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Q: How much does bandwidth cost? ( Answered 5 out of 5 stars,   0 Comments )
Subject: How much does bandwidth cost?
Category: Computers > Internet
Asked by: jonathanclark-ga
List Price: $4.00
Posted: 12 Jul 2002 04:00 PDT
Expires: 11 Aug 2002 04:00 PDT
Question ID: 38874
I'd like to know more about bandwidth cost.  How much do the big guys
pay for bandwidth?  For example what does google or yahoo pay per GB
or TB?  Do they pay for upstream and downstream?  Does price come
significantly with quantity purchases?  What is the cheapest I (as a
small business) could potentially get if I'm not concerned about
reliability.  What about if I want highly reliable bandwidth?  This is
a lot of questions and not all need be answered, I'm looking for a
good general explanation of bandwidth cost and the factors effecting
Subject: Re: How much does bandwidth cost?
Answered By: wengland-ga on 12 Jul 2002 14:18 PDT
Rated:5 out of 5 stars
Greetings, jonathanclark!

You ask for a general explanation of bandwidth cost and the factors
impacting it.  The best place to look is in your own question -- you
have already covered most of the factors!

Bandwidth is generally billed at either a flat rate (1.54 megabits
/second for a whole month), or at a per-unit rate ($1.00 per
gigabyte).  The units can be measured over a period of time, or can be
peak units.  Each bandwidth provider has their own methods of
accounting and billing.

Factors that can raise (or lower) the cost of bandwidth include the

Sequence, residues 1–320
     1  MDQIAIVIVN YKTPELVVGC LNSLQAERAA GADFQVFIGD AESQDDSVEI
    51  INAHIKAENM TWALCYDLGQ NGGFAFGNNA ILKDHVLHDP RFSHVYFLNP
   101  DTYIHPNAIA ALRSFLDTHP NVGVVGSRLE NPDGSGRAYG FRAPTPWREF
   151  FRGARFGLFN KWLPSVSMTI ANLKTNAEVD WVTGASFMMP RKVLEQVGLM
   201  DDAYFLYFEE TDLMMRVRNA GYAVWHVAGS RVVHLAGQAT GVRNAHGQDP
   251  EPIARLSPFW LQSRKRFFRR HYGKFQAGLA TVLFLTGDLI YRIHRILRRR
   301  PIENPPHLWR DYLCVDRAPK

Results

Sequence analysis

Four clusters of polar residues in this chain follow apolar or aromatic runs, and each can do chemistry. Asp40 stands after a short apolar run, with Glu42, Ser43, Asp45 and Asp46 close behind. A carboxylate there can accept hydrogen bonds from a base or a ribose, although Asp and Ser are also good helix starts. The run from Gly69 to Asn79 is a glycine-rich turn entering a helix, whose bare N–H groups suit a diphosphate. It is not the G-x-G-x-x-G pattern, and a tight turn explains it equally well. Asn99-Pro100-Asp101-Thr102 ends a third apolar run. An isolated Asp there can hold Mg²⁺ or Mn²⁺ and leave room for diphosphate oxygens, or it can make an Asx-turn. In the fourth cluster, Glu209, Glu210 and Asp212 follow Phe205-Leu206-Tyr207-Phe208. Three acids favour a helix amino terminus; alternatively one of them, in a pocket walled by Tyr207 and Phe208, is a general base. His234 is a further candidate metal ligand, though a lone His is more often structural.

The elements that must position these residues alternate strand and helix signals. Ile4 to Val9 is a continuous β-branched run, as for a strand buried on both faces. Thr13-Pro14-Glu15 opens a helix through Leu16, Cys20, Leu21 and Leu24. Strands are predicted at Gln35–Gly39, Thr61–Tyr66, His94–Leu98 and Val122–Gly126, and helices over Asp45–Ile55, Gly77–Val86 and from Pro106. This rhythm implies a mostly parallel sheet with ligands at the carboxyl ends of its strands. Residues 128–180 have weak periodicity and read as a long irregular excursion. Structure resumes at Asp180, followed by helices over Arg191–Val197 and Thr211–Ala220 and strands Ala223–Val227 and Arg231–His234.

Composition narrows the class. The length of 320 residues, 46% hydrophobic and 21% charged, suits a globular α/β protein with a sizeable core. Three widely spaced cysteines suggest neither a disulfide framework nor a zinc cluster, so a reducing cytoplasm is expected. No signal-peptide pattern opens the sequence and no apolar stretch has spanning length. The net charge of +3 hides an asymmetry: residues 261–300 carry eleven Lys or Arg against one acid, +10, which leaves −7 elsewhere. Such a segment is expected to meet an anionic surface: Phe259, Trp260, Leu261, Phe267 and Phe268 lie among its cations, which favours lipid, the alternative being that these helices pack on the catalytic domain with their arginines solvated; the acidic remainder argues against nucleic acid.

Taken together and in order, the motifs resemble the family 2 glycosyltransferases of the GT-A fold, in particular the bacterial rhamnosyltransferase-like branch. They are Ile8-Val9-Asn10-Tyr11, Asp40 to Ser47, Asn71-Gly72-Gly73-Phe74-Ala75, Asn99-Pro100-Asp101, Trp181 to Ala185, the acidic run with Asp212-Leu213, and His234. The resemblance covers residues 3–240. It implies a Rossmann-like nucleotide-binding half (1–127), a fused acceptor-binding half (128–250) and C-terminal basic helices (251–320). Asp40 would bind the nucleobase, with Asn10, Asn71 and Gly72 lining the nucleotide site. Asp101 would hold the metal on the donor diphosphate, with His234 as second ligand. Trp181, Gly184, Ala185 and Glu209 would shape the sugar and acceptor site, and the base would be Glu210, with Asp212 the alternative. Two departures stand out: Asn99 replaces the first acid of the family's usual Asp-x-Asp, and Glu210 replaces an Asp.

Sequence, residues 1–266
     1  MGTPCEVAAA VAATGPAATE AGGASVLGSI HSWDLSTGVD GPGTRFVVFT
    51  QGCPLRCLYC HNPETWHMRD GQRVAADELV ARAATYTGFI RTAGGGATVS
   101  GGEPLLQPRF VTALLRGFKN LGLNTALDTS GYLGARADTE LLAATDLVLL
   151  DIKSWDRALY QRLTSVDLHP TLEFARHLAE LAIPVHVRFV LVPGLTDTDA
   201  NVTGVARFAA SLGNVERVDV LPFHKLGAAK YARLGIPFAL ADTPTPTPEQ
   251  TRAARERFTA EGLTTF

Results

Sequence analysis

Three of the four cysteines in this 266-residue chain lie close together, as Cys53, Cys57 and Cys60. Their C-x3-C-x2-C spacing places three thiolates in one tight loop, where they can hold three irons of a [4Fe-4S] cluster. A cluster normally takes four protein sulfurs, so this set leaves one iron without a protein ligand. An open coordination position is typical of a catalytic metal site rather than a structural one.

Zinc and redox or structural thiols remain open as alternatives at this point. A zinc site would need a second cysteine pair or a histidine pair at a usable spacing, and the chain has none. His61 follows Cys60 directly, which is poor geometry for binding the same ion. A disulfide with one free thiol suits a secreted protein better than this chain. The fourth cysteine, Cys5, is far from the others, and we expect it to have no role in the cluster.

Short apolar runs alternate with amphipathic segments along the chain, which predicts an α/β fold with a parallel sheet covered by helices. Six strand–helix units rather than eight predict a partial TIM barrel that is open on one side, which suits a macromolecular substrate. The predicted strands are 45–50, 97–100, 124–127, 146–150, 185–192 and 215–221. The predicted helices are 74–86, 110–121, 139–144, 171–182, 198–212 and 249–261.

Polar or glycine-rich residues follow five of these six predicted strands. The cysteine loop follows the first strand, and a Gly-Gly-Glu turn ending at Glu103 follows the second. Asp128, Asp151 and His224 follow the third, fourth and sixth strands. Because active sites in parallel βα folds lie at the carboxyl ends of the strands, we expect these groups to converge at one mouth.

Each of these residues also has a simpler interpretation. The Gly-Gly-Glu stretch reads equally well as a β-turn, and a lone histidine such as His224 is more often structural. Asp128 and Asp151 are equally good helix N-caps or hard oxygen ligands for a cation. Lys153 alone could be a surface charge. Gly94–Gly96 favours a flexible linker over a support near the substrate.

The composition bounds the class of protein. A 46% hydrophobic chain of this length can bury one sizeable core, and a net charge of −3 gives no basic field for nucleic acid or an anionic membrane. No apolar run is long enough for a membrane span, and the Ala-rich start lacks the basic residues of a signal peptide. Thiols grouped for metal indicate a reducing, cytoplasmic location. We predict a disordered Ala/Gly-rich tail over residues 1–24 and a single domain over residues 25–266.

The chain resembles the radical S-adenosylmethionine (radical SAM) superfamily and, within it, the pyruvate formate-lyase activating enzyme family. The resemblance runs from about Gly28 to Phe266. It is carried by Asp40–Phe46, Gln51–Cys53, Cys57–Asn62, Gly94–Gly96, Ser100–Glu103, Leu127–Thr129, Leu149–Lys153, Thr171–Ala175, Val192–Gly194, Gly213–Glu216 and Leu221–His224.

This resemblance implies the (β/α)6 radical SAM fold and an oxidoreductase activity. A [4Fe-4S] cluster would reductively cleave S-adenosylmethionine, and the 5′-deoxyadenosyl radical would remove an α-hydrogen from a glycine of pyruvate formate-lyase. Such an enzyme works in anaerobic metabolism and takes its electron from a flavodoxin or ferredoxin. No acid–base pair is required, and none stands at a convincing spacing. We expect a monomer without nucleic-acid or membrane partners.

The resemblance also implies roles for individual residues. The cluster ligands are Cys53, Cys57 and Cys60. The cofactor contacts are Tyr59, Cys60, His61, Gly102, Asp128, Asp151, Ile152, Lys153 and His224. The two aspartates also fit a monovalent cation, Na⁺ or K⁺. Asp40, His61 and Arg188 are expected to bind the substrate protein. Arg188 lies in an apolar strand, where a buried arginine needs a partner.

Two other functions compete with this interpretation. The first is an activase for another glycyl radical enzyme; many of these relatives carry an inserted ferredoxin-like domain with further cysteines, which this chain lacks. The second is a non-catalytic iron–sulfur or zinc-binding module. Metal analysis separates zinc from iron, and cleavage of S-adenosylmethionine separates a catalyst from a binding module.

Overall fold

volume needed - obvously Yahoo and Google are going to get a better
cost per unit than you or I would.  They also include the quality of
service -- a 99.99999 guaranteed uptime on the connection with
multiple upstream providers and hot failover protection is a lot more
costly than a simple T-1 from the local RBOC.

Additionally, location is going to have a lot to do with bandwidth
charges.  In a major metropolitan area with many bandwidth providers,
the costs are going to be lower because of competition and exiting
infrastructure.  However, in rural Kansas, getting high bandwidth to
the ranch will cost a signifigant amount more, simply because there
are very few providers, and the line charges (especially if a new line
has to be run!) are more.  Less competition = higher costs.  Less
infrastructure = higher costs.

To address the core of your question, how cheap can *you* get it, I
would need to know a lot more about your situation:  Where are you? 
What do you want to do with the bandwidth?  How much do you need? 
What level of service do you need?  Could you be better served by
colocating your hosts somewhere, and taking advantage of their

For example, if you have an office that needs internet connectivity
for mail and light web browsing, a simple business DSL line for less
than $100 a month would suit you well.  However, if you are an adult
video producer that wants to deliver all the video content over the
web, you would be well suited to colocating your product with a major
firm on one of the backbone lines in California or New York.  You
could still expect to see charges in excess of $5,000 a month.

I hope I have answered your question to your satifiaction.  If you
need further information, please ask for a clarification.

Search Strategy:
Been working this business too long; I know this from memory... Sorry

Request for Answer Clarification by jonathanclark-ga on 14 Jul 2002 02:25 PDT
Clarification:   I am looking for actual numbers and how they are
modified by the factors I listed in my post.  What are some real world
current dollar/ megabit numbers.  Saying "you could pay in excessive
of $5000" tells me nothing.   How much does a T1 at a co-location site
cost?  What about t3, oc12, etc?  What about if I pay per GB?  How
much for rack space?  Obviously as the size of your deal grows in size
there are negotiations taking place, but what are some numbers I might
expect?  Physical location is unimportant to me.  I have co-located
servers and am interested in finding cheaper bandwidth.  I want to